Worry exhausts our energy. It exaggerates our problem. And it wastes our time. Instead of doing what God has called our church to do, many are often stuck in their worries. So what do you do with your worries? How do you deal with them?

Start by having them identify those worries. You can’t release your worries until you know what they are. One of the reasons why we’re often stressed out is we have a vague feeling that “something is wrong,” but we don’t know what it is. If you carry this vague sense of anxiety, it’s harder to deal with.

Then we need to take those worries to God. Psalm 55:22 says, “Give your worries to the Lord and He will take care of you.” He says, “Let it go. Give it to Me. I’ll take care of it.”

You don’t get rid of worry through therapy, fads, diets, pills, seminars, or conferences. You get rid of worry by prayer.

If you prayed more, you’d worry less. Philippians 4:6-7 in the Message paraphrase says, “Instead of worrying, pray. Let your petitions and praises shape your worries into prayers, letting God know your concerns. Before you know it, a sense of God’s wholeness…will come and settle you down. It’s wonderful what happens when Christ displaces worry at the center of your life.”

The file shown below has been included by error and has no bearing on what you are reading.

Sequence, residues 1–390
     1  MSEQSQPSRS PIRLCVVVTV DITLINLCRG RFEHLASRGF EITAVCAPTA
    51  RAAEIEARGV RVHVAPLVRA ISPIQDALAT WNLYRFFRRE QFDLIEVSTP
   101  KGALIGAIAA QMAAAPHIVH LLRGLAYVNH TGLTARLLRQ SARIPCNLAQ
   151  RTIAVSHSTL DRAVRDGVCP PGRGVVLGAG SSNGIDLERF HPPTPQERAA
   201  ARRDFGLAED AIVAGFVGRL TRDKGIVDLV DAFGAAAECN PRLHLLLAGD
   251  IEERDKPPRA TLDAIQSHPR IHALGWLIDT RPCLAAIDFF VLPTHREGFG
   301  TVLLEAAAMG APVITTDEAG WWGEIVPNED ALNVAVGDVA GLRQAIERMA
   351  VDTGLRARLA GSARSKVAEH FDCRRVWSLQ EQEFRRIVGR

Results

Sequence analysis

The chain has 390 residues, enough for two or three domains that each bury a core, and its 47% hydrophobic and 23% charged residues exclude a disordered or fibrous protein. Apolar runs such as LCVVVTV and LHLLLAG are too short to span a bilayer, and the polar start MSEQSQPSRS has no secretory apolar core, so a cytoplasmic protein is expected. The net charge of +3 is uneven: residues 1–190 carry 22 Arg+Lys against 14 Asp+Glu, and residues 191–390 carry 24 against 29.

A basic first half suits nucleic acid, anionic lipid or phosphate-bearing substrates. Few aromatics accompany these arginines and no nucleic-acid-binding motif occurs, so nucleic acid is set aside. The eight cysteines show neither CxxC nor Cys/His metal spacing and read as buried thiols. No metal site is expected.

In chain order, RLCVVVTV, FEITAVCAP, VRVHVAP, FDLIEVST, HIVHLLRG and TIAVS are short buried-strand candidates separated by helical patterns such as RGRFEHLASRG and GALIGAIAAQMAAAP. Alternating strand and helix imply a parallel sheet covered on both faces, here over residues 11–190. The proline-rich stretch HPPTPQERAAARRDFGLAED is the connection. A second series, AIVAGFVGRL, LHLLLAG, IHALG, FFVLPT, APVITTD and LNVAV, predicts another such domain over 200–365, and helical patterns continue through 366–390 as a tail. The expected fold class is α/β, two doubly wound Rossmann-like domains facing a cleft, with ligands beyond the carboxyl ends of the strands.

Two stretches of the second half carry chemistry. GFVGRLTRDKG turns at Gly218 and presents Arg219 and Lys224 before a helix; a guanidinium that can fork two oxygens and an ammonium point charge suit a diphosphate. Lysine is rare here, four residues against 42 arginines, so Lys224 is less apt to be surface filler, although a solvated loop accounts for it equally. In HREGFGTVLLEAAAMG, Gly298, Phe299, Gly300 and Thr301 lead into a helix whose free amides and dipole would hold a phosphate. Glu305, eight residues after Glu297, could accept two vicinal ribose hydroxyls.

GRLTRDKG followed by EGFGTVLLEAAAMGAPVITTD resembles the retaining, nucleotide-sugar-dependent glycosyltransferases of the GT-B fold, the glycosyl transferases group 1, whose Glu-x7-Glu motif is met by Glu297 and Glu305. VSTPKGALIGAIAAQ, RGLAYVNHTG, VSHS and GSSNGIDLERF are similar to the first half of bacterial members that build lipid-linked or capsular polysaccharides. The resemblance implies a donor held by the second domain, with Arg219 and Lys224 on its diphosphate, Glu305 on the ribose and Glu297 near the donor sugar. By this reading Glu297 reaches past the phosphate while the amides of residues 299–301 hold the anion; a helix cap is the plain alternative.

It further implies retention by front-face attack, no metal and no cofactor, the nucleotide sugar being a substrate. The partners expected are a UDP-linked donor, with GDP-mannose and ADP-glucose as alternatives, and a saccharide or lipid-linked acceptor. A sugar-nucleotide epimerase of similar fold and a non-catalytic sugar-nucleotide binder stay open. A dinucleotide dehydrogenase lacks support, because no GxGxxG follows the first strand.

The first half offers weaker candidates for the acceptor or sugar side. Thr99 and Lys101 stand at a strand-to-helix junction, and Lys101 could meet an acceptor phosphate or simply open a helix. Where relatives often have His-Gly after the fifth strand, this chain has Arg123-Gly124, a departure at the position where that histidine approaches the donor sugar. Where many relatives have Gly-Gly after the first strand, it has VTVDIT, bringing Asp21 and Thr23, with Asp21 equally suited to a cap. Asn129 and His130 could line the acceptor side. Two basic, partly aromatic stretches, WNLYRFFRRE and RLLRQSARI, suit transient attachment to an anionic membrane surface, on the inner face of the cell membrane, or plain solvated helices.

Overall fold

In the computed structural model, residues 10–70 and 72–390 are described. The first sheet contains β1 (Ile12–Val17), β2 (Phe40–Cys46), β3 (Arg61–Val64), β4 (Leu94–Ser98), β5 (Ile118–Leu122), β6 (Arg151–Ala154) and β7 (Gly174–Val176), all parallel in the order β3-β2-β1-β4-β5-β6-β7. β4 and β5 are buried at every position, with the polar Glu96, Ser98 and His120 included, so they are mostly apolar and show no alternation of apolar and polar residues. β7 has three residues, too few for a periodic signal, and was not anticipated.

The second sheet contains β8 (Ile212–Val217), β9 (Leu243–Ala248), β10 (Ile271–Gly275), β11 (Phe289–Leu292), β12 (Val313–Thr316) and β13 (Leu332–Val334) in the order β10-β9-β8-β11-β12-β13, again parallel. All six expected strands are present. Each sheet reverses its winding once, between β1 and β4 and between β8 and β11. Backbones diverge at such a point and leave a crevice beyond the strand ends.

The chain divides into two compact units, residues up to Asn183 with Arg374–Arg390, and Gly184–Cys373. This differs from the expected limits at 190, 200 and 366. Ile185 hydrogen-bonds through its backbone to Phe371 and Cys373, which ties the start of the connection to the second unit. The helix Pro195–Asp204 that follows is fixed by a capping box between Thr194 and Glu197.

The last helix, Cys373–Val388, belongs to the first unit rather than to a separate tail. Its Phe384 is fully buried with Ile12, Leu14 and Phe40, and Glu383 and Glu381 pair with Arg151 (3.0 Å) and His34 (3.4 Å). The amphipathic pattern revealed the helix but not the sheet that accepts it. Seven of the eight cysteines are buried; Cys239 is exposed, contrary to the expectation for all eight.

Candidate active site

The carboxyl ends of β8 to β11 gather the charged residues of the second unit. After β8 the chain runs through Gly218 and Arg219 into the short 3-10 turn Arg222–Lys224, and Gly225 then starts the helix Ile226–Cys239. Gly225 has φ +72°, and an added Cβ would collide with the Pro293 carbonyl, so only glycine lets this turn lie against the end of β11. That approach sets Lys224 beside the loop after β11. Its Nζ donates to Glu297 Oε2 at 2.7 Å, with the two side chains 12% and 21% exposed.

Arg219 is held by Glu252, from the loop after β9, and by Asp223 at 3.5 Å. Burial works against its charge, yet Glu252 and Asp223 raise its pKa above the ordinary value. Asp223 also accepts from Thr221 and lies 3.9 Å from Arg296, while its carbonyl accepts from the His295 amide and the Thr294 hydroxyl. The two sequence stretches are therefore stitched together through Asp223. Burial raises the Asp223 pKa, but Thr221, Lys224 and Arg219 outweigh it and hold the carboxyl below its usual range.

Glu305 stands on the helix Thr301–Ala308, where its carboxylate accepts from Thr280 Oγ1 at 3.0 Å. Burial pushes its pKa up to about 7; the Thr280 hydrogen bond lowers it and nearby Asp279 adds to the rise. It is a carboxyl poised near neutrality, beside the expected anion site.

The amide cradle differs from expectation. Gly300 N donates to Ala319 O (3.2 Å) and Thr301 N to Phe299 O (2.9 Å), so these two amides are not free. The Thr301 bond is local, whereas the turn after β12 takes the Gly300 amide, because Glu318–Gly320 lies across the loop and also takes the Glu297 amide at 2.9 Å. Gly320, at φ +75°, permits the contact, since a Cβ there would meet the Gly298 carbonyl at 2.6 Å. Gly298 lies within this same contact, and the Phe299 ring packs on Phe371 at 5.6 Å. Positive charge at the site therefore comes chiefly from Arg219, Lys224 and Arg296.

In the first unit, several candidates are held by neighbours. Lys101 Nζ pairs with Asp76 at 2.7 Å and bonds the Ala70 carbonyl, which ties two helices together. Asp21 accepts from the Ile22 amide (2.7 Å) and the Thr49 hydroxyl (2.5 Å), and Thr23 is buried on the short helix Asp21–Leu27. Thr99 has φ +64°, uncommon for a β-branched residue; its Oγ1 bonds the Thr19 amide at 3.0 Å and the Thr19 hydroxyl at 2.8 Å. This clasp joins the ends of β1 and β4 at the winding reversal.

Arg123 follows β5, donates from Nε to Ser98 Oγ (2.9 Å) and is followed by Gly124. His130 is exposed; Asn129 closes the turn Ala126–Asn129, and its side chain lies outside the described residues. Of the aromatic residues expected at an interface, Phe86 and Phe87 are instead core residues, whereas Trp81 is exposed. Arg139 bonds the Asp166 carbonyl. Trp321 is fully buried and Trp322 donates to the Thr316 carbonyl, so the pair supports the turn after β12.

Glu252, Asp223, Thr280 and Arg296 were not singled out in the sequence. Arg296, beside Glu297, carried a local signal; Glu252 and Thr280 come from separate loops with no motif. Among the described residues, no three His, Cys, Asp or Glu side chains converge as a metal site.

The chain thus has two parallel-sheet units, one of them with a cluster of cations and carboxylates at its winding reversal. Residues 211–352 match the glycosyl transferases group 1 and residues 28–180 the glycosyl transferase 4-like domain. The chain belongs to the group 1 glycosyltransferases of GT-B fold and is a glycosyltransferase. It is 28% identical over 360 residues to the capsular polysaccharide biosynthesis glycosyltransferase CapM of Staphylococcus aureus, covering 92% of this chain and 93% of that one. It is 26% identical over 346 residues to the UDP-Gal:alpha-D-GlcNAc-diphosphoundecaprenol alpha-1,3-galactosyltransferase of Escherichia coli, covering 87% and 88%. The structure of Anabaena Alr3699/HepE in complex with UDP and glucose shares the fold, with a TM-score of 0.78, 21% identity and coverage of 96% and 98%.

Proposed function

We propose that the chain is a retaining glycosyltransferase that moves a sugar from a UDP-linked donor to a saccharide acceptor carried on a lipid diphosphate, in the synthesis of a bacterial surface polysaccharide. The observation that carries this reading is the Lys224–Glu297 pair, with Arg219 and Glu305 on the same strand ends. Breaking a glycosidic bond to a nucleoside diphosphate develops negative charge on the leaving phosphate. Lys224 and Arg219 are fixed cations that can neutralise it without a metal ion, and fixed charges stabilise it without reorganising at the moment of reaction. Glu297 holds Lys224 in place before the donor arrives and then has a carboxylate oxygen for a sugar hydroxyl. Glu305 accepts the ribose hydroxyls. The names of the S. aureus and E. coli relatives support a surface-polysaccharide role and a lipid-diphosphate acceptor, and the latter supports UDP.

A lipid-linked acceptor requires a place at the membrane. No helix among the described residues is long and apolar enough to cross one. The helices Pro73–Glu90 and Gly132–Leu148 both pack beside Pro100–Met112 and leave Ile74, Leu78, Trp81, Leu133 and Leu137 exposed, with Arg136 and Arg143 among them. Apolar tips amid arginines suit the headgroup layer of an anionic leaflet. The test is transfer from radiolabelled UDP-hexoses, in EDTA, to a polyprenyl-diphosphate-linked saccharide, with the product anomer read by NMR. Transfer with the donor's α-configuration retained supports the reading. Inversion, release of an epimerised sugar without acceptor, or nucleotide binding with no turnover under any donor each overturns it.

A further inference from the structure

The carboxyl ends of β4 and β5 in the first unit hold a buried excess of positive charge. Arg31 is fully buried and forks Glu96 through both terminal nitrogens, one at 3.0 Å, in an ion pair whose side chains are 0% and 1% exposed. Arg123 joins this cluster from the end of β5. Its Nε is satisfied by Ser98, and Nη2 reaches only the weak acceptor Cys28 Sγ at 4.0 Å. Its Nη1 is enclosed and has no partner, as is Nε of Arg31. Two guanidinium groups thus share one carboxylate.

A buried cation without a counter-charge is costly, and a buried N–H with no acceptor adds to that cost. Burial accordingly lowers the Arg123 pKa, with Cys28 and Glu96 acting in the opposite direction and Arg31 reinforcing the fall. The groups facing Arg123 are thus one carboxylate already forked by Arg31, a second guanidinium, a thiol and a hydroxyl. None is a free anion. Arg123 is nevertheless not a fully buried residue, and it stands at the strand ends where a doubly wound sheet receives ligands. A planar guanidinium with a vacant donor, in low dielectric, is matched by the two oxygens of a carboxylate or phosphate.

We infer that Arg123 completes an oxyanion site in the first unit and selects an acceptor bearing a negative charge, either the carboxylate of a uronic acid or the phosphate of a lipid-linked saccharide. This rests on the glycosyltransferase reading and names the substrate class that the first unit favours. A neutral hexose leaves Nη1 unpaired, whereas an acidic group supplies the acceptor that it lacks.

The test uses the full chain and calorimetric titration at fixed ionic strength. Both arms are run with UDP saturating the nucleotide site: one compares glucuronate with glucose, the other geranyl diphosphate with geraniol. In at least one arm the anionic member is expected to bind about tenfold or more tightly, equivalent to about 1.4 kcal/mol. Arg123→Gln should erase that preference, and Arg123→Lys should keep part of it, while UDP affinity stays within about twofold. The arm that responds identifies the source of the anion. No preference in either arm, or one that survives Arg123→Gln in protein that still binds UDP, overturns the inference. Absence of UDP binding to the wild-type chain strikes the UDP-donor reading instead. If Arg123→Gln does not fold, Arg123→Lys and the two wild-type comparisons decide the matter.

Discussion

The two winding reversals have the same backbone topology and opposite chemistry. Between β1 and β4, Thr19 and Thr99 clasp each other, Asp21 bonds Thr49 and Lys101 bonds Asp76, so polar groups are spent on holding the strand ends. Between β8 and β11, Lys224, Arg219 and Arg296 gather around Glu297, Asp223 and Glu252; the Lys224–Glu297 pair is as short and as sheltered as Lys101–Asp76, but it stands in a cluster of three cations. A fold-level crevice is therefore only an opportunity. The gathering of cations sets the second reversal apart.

Don’t waste any more time with your worries; let them go.

Let go of your wounds.

Many things wound us emotionally. Lies, broken promises, conflict, and betrayal are just a few. And internal wounds are much more serious than external ones. For example, you don’t remember the cuts, scrapes, and bruises you got on the playground as a kid, but I would guess you remember the painful words that were said to you.

We remember emotional wounds a lot longer than physical ones. Why? Because we rehearse those hurts in our mind over and over again. We replay the tape.

That’s dumb. Your past is past. If you keep rehearsing a past wound, you allow someone to hurt you over and over again. There’s a word for rehearsing a hurt over and over again in your mind – resentment. That literally means, “to cut again.” Every time you nurse an old would, you’re cutting yourself again.

The Bible says in Psalm 37:8, “Let go of anger and leave your rage behind. Do not be preoccupied. It only leads to evil.” When you rehearse the pain, you just reinforce and reinvent the hurt.